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Greenhouse Gas Emissions From Agriculture:A Comparative Analysis Between Countries That Recently Joined The Eu


  • Camelia Burja

    (‘1 Decembrie 1918‘ University Romania)


The global climate changes are determined by diverse causes and among these,greenhouse gases emissions from business activities and agriculture, are partly responsible. Theconsequences of global climate changes are dramatic not only for the environment, and implicitlyfor the quality of life, but also for business activities, which must adapt to meet this challenge.Therefore, reducing greenhouse gas emissions is an objective aimed through internationalprotocols by all the countries of the world. This study examines the contribution of newest EUmembers‘ agriculture to the emissions of greenhouse gases. The analysed data show the strong,direct and positive connection between agricultural activities and GHG emissions. The emissionintensity caused by the agriculture of the countries that recently joined the EU is higher than theEU-27 average, that‘s why these states should consider the option to develop sustainableagriculture, which will control and reduce this phenomenon and prevent its negative impact.

Suggested Citation

  • Camelia Burja, 2012. "Greenhouse Gas Emissions From Agriculture:A Comparative Analysis Between Countries That Recently Joined The Eu," Annales Universitatis Apulensis Series Oeconomica, Faculty of Sciences, "1 Decembrie 1918" University, Alba Iulia, vol. 2(14), pages 1-25.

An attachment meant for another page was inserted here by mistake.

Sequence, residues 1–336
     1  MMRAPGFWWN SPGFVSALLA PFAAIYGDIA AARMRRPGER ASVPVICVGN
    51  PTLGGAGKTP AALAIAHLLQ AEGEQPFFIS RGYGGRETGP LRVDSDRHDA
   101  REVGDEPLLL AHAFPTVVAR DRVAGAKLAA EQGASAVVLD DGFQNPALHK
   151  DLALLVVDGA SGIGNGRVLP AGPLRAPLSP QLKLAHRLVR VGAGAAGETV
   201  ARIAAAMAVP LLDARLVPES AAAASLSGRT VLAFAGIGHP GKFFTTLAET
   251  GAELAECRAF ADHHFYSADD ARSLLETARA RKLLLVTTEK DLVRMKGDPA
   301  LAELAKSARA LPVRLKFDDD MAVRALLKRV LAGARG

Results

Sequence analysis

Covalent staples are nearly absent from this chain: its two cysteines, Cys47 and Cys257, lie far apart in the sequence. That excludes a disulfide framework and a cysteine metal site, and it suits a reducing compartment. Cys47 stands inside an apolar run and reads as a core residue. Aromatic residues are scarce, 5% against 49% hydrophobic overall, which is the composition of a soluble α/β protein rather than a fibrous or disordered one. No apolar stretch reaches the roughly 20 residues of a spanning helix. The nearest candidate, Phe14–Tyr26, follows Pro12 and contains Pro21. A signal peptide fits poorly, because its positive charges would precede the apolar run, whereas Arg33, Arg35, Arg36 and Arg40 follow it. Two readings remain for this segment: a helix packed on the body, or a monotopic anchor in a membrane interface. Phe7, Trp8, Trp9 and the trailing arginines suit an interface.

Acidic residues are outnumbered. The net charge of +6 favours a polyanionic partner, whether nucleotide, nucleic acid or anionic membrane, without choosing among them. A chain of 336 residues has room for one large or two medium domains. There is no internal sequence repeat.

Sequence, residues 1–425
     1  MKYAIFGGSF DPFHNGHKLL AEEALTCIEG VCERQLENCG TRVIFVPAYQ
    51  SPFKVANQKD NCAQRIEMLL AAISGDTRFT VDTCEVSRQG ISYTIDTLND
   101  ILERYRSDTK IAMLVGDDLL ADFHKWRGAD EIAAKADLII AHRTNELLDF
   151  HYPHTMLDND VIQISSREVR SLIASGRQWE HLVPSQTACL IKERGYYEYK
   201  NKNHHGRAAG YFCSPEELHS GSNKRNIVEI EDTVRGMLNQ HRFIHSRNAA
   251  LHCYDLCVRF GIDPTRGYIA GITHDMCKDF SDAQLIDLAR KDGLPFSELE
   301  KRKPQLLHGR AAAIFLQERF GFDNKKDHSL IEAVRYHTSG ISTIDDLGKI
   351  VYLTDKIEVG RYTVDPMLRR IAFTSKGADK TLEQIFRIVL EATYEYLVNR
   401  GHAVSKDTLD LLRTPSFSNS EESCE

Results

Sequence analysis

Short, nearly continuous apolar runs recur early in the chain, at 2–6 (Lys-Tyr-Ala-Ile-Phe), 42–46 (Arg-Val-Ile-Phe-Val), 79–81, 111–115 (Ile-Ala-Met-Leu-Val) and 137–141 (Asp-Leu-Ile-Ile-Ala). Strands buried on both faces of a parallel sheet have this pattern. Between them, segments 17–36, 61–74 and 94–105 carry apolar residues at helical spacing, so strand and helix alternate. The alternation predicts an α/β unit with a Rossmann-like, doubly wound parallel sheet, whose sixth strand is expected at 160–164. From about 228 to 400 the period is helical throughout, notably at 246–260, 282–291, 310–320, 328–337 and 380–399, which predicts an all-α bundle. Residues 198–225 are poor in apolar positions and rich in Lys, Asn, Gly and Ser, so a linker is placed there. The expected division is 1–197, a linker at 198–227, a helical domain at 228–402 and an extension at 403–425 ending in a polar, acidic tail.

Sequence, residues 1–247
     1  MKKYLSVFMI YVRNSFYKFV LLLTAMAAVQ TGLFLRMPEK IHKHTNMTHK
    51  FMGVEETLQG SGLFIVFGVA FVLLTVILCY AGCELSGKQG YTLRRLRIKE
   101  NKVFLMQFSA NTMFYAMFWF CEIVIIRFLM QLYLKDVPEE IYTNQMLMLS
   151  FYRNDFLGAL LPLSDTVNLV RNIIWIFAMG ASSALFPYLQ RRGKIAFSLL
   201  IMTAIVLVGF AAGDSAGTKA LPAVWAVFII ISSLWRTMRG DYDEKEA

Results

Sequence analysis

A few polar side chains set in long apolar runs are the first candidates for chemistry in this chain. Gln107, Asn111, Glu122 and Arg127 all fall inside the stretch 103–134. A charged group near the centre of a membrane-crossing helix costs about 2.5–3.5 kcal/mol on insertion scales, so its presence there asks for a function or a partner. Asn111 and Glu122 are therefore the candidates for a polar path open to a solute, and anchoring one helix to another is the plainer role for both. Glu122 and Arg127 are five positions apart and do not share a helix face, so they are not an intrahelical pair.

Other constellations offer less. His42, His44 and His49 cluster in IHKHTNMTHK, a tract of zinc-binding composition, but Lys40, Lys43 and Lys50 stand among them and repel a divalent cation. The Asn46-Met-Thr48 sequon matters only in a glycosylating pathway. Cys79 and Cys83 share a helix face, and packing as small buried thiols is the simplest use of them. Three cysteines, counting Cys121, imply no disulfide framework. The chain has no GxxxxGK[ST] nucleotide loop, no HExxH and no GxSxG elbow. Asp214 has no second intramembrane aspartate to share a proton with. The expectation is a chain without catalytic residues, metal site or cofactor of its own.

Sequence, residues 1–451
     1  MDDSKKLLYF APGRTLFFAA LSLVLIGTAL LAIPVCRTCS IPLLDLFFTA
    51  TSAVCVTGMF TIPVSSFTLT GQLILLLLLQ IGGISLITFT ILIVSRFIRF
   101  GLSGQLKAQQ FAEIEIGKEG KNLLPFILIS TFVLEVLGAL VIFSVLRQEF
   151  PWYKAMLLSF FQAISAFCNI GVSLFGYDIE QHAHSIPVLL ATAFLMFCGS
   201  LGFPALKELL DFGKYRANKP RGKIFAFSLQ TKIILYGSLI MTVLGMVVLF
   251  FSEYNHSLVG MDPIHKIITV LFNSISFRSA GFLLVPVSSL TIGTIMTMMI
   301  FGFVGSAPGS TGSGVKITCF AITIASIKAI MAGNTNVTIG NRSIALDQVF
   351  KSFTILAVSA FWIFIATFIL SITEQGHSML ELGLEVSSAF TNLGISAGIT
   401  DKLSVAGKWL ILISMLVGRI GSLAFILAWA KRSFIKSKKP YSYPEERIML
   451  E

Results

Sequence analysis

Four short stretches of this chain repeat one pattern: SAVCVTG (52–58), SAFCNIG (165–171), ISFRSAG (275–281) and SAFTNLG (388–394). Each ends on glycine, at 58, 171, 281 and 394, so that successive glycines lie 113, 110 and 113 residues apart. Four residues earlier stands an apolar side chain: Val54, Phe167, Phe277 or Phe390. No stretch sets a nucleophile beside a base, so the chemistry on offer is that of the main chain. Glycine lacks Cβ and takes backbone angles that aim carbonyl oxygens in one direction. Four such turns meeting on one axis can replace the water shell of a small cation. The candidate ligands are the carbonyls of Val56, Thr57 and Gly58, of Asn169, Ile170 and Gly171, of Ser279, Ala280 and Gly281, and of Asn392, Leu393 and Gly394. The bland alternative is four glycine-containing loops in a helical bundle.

• Handle: RePEc:alu:journl:v:2:y:2012:i:14:p:25

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    References listed on IDEAS

    1. Ignacio Pérez Domínguez & Wolfgang Britz & Karin Holm-Müller, 2009. "Trading schemes for greenhouse gas emissions from European agriculture: A comparative analysis based on different implementation options," Review of Agricultural and Environmental Studies - Revue d'Etudes en Agriculture et Environnement, INRA Department of Economics, vol. 90(3), pages 287-308.
    2. Uwe Schneider & Bruce McCarl, 2003. "Economic Potential of Biomass Based Fuels for Greenhouse Gas Emission Mitigation," Environmental & Resource Economics, Springer;European Association of Environmental and Resource Economists, vol. 24(4), pages 291-312, April.
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    More about this item


    climate changes; greenhouse gas emissions; agriculture; regression analysis;

    JEL classification:

    • O13 - Economic Development, Innovation, Technological Change, and Growth - - Economic Development - - - Agriculture; Natural Resources; Environment; Other Primary Products
    • Q57 - Agricultural and Natural Resource Economics; Environmental and Ecological Economics - - Environmental Economics - - - Ecological Economics


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